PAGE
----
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Thursday, June 26, 2008

Staff Book Review: QUIVER

QUIVER, by Peter Leonard. Thomas Dunne Books, 2008. Fiction.

This book was a fun read but isn’t easily categorized. From the title and cover art, I expected a mystery. My expectation of a “mystery,” however, involves the description of a crime committed early in the story, with the remainder of the story describing the unraveling of who committed the crime and how. QUIVER should perhaps be called a “crime novel” instead of mystery. Mr. Leonard has cleverly turned things around, in that he builds a complete description of his characters, both criminals and victims, in the first half of the story, and then the reader becomes an observer during the planning and commission of the crime in the latter part. In this way the author builds the excitement slowly, increasing the tension as we move toward the conclusion. This is especially true when the victims become aware, during the carrying out of the crime, that they are to be killed so they can’t talk to the police. How they extricate themselves from their planned fate makes the last part of the book an exciting ride, and once the criminals swing into action, you won’t want to set the book aside.

Interestingly, this is the second book of fiction I have read recently that takes place (in part) in Leelanau County and also has a woman as the principal character. In this story the woman lives with her teenage son, her husband having died in a tragic accident. An old friend with a prison past comes back into her life, inadvertently introducing criminal pals who spot a chance for easy money. At the conclusion, the woman and her son are trapped by circumstances in a cabin in Leelanau County and must deal on their own with the band of nasty but somewhat inept criminals.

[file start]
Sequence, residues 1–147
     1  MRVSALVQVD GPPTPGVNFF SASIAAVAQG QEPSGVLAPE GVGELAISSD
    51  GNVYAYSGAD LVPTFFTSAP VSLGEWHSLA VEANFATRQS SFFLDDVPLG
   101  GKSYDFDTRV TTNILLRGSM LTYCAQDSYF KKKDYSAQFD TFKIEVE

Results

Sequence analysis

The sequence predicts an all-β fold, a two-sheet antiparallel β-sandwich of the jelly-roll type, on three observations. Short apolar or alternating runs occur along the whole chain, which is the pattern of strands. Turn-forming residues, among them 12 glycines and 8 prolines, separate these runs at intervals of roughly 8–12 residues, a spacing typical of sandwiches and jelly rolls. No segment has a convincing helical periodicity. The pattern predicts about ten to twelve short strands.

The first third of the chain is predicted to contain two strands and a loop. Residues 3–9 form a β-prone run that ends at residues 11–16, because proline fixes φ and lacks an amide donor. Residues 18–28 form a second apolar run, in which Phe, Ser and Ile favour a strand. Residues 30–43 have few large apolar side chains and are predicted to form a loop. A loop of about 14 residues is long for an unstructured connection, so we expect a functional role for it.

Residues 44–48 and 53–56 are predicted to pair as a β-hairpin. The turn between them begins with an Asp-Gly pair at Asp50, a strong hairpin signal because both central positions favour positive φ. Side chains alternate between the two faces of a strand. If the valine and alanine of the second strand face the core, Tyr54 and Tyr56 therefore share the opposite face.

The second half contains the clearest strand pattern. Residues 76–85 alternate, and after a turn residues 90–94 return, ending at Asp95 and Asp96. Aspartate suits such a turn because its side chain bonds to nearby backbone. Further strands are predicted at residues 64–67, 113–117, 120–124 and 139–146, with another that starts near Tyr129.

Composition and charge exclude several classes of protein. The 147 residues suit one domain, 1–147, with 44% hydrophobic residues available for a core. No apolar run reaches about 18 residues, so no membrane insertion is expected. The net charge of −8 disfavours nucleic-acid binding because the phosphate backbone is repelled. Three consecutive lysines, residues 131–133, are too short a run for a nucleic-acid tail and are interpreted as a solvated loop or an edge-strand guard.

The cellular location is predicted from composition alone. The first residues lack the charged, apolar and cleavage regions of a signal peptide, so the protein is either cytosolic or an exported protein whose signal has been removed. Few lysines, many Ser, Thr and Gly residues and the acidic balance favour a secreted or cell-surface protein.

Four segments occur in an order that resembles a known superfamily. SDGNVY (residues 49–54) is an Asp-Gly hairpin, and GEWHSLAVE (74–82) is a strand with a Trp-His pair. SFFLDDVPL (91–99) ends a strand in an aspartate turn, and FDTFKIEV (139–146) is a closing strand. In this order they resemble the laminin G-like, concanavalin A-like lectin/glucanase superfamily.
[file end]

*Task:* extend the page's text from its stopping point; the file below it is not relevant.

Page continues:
The book is set in two distinct places. The first half, where the characters are introduced, takes place in Detroit, and anyone who has lived in Detroit will recognize many familiar landmarks, although since most of this part of the story centers on the criminals, many of the landmarks are of the slightly sleazy variety. (In fact, the author paints such an accurate picture that it reminded me of why I left Detroit.) The second half, where the crime and most of the action takes place, happens here in Leelanau County, in Northport and around Cathead Bay. Mr. Leonard does a nice job of contrasting the peace and quiet of our area here with the turmoil of Detroit, but he doesn’t go into nearly as much detail in his description of Northport as in the Detroit portion, so I got the feeling that he has never lived here, unlike the sense I got from Bob Underhill in his recent book CATHEAD BAY, which uses much the same setting more familiarly.

Just in case you aren’t aware, Peter Leonard is the son of the immensely popular novelist Elmore Leonard. This is Peter Leonard’s first novel. In particular, the clever way he builds the tension to the story’s conclusion makes this an exciting crime novel and a required summer read, and I think you’ll want to look for more work from this writer in the future.

- Bruce Balas

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